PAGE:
reducing doctors errors tips from pennsylvanias patient advocates

Every time we visit the doctor or hospital, we put our health, trust and vulnerability in the hands of our health care professionals. We expect to leave healthier than when we were admitted, and we have every right to expect that doctors will not be negligent or make preventable mistakes when they treat us. The truth, however, is that doctors, surgeons, hospitals and health care workers injure patients through negligence and medical malpractice all too often. How can you, as a patient, protect yourself?

March 4-10, is National Patient Safety Awareness Week, and the Pennsylvania Patient Safety Authority is supporting the campaign by providing patients with tips about steps they can take to help reduce doctors’ errors.

In many situations, diagnostic errors cost patients their lives. As a patient, one of the most important things you can do to prevent a diagnostic error is to make sure you personally give your doctor all the information he or she needs.

Before you visit your doctor, write a list of the things that have been bothering you so you don’t forget anything once you get there. As you are writing your list of symptoms, create a timeline. Remembering the order in which the symptoms appeared can be significant to your diagnosis. Telling your doctor all of your symptoms — even if they seem minor to you — can help him or her diagnose you correctly.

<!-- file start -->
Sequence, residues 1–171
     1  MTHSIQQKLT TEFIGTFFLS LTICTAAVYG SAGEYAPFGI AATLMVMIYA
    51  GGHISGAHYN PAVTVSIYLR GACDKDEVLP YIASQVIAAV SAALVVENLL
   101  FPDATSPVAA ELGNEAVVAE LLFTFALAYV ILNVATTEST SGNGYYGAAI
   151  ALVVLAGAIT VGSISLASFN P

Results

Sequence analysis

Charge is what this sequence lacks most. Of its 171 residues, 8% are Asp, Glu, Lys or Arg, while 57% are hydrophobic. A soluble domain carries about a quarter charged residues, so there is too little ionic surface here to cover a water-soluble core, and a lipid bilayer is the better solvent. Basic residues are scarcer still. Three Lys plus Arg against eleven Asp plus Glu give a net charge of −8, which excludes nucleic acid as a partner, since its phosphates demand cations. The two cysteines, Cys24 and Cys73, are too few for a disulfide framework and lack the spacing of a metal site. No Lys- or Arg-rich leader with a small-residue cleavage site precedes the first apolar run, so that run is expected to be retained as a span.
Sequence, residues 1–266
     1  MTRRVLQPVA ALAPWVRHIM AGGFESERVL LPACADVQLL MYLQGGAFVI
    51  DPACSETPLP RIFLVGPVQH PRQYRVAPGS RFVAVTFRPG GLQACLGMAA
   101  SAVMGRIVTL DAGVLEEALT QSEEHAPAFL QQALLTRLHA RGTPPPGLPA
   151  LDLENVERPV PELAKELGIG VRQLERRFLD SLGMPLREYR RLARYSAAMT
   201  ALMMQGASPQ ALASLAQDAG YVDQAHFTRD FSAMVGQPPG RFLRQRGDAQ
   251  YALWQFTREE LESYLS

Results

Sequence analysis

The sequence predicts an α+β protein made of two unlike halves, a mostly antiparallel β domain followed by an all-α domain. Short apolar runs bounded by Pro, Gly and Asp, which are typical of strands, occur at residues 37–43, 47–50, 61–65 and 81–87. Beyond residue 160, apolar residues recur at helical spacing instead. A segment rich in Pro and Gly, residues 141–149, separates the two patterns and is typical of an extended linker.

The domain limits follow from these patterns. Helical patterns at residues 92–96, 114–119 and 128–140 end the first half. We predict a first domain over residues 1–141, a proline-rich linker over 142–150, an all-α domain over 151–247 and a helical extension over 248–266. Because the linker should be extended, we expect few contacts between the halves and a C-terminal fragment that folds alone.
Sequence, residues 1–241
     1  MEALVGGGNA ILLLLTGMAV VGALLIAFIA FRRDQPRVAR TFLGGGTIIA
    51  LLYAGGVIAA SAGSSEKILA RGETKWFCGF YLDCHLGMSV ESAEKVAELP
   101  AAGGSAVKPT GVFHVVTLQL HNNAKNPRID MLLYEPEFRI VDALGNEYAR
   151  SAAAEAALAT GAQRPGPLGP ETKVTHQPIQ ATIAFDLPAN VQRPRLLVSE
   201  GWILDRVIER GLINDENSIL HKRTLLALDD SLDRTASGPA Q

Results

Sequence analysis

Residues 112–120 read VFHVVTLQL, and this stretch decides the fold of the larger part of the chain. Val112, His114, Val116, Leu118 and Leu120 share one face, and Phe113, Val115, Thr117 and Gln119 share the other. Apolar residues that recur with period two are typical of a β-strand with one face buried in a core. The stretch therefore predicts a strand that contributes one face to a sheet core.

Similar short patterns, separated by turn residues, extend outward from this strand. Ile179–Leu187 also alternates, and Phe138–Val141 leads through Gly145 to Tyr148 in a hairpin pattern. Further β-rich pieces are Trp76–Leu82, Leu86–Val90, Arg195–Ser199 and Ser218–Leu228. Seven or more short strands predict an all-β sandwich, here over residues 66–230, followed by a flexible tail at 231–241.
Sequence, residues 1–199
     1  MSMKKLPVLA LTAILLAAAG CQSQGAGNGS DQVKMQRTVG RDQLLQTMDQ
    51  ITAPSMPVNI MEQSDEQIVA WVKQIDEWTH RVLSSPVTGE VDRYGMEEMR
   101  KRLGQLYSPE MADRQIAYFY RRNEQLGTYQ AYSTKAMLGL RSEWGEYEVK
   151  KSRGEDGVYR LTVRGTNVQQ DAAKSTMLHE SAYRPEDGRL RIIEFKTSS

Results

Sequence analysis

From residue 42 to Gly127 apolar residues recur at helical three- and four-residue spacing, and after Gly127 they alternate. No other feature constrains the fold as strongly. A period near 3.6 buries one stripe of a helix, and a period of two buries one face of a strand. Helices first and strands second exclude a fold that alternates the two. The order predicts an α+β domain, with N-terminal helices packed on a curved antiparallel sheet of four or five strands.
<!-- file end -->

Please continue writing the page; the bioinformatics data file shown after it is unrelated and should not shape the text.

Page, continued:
Medication errors, including dangerous drug interactions, can also be deadly. Make sure you also bring a list of all medications you are taking, the dosages and how long you have been on them, along with any medications you have recently stopped taking. This list should include over-the-counter medications, vitamins, nutritional supplements and herbal products. Finally, it is also important to bring a copy of your medical history. List any surgeries, hospitalizations or major medical problems you have experienced, as well as their outcomes.

When you’re talking with your doctor, don’t be afraid to ask him or her questions such as, “What else could it be?” “Is there anything that doesn’t fit?” and, “Could it be that I have more than one problem?” It is our doctors’ jobs to protect our health and well-being, and there is no excuse for doctor errors. However, if you play an active role in your treatment, you are more likely to have a positive treatment outcome.

Source: Pennsylvania Patient Safety Authority, “Consumer Tips Guide for Patients and Their Families,” 2012

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